This title was mentioned by Tina, an ALSC Blog reader, back in October. Thanks, Tina! I hope you have had a chance to read the book and have some comments to share as well. There are two specific items in the book that I would like to share.
First is what Peck calls the Five-Finger Rule. I hate to admit it, but too often I find that I don’t have what seems to be common knowledge. I have had children read a sentence or two in a book as we try to find something they might like as an independent read, but I hadn’t heard of the Five-Finger Rule. After reading about the rule on page 24 of Peck’s book, I found many references to it online and was charmed by this description on Book Nuts Reading Club. Anyway, I wanted to share that Reader’s Advisory bit for your consideration and commentary.
The second portion is about Book Clubs. I adore the idea of Book Clubs but my one attempt with a parent/child book club didn’t work very well. Saturday afternoons had too many other commitments for my few participants, and, more than that, the majority were parents dragging in their reluctant readers. I wasn’t prepared for that and before I could regroup, they had already given up on the program. In retrospect, I can think of much better ways I could have handled it, but that’s neither here nor there. On page 79, Peck writes about her book club experience:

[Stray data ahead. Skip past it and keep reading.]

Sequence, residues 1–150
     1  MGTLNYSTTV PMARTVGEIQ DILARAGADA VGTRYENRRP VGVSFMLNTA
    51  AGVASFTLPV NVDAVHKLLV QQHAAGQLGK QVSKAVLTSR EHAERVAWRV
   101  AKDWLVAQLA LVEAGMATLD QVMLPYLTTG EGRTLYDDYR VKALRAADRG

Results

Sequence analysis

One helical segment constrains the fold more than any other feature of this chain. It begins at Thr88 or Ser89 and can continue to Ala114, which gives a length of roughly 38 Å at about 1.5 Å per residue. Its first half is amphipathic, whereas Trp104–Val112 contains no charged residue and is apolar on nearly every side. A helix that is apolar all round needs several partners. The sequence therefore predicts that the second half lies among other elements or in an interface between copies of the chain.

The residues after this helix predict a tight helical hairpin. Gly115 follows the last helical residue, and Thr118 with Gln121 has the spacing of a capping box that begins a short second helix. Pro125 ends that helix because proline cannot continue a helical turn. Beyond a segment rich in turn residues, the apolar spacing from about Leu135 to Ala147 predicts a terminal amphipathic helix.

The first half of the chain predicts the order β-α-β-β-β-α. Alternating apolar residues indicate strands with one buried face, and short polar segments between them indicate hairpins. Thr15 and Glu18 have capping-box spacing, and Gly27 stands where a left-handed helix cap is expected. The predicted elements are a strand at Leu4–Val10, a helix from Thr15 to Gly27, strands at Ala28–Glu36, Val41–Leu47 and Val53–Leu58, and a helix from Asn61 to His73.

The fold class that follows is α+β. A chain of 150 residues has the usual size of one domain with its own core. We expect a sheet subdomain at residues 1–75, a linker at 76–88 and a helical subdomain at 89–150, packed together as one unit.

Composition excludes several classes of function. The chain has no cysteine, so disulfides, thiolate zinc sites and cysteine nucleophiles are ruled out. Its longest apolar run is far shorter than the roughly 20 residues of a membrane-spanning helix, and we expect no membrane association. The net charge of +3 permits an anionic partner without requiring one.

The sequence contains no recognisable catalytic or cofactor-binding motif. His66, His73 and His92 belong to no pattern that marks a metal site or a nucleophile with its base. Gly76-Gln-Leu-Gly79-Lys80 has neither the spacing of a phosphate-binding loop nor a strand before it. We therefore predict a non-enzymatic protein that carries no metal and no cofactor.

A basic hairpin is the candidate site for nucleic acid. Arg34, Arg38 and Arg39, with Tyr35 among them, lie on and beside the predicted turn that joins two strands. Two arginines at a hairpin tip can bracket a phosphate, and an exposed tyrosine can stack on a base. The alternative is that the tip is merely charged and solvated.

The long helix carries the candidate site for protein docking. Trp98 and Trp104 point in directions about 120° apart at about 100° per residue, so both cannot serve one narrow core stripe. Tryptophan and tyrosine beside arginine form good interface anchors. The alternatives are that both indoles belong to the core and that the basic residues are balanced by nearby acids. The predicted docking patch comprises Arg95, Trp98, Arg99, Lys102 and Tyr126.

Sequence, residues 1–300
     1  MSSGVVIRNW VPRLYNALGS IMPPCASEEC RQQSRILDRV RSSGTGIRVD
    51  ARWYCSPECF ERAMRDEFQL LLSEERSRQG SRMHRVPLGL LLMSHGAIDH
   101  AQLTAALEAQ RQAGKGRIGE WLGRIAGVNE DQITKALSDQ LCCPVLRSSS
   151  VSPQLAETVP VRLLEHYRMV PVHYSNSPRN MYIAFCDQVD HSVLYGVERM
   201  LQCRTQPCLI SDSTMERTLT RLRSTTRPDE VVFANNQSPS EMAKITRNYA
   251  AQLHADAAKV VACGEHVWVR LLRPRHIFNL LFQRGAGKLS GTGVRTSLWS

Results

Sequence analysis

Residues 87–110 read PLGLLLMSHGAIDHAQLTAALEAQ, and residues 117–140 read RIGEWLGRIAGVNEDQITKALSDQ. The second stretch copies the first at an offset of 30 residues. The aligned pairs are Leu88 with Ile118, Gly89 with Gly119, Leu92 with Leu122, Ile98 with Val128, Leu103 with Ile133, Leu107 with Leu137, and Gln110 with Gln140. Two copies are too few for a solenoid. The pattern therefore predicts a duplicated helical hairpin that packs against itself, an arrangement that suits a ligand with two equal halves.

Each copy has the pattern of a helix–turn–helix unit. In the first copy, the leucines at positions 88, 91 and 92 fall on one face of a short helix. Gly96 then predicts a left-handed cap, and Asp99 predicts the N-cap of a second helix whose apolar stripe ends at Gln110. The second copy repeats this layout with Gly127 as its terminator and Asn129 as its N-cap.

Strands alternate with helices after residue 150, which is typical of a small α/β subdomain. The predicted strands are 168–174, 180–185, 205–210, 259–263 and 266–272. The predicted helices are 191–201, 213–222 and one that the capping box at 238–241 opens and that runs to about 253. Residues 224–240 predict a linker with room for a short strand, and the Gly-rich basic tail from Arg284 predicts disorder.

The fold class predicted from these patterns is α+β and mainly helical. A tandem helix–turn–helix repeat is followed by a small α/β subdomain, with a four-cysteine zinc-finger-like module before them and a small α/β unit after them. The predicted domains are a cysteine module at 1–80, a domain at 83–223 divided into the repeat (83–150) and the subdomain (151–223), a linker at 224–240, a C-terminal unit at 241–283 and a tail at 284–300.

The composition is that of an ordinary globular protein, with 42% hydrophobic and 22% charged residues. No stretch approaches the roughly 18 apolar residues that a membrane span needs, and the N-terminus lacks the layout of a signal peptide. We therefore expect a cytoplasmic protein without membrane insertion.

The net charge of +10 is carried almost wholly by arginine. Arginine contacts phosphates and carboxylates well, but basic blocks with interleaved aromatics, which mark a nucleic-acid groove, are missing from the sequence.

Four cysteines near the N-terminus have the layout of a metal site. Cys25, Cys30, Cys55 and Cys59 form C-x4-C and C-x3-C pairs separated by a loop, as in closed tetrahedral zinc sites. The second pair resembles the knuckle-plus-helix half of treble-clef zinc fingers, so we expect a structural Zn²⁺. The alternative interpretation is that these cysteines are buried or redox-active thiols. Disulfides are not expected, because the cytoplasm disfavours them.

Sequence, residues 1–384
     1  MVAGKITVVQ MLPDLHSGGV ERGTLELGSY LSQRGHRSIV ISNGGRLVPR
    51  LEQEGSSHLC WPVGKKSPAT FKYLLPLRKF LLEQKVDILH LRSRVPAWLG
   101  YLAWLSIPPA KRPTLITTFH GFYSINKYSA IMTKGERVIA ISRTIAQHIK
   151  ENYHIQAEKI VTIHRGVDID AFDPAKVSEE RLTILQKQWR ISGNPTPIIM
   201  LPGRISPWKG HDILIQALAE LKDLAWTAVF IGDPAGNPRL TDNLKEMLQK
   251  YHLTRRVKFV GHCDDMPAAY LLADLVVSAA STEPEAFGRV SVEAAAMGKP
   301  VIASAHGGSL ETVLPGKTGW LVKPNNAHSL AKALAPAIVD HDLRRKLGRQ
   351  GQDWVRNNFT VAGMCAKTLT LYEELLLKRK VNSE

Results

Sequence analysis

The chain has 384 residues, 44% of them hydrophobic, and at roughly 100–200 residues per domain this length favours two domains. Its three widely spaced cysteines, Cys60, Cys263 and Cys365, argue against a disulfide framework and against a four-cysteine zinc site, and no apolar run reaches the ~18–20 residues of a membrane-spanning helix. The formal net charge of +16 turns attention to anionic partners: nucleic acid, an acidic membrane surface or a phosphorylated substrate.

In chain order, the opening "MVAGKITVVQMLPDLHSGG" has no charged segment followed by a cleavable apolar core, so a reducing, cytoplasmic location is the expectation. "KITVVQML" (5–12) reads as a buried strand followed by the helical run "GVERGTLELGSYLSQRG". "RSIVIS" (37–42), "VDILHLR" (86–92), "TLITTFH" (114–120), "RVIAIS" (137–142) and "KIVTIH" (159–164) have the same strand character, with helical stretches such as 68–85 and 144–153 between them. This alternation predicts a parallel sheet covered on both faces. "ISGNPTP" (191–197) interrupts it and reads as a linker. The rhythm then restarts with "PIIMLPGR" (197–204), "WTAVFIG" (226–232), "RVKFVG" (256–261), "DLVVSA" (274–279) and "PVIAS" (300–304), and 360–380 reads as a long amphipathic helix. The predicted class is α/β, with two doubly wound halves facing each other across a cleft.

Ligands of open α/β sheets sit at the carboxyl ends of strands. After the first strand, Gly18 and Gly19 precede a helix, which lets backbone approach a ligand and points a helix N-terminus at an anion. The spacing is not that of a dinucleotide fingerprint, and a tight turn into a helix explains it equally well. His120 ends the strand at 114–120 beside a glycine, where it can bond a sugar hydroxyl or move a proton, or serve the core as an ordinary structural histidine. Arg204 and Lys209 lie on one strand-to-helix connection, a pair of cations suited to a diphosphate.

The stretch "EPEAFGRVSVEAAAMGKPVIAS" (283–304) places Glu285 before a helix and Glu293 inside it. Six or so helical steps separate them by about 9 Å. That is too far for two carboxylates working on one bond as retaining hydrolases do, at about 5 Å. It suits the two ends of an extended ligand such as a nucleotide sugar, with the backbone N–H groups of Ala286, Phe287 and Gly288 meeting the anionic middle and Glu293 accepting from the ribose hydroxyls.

I have been very lucky with our Xtreme Reader group, which is the book discussion group for fourth and fifth graders. From the beginning, we had as many boys as girls. I think part of the reason is the name: Xtreme Readers, like Xtreme Sports, sounds really cool and does not make you think of tea parties. The name was thought up by a boy who was a fourth grader at the time. His mother works at the library, and he was in the initial group. We put the name prominently on all our flyers, in a cool font and with a dramatic graphic of a person reading while skateboarding.
To kick off the club, we sent flyers with a cover letter to all the GATE (gifted and talented) programs in the fourth and fifth grades (both public and private schools), because we felt our target audience would be children who already liked reading chapter books.
The local newspaper published an article about the club too. After a half-hour of discussion, she had hands-on activities to bring the books to life. She includes a few examples of books and activities. As for questions, she mentions several resources including Multnomah (OR) County Library’s Talk it Up!
As with last month’s book, I found much of interest. For March, I will post about two books that have been suggested: Early Literacy Storytimes @ Your Library: Partnering with Caregivers for Success by Saroj Ghoting and Pamela Martin-Diaz and Ready-To-Go Storytimes: Fingerplays, Scripts, Patterns, Music, and More by Gail Benton and Trisha Waichulaitis. Please join in the discussion. If you have books you would like to recommend, please comment here or send an email to firstname.lastname@example.org.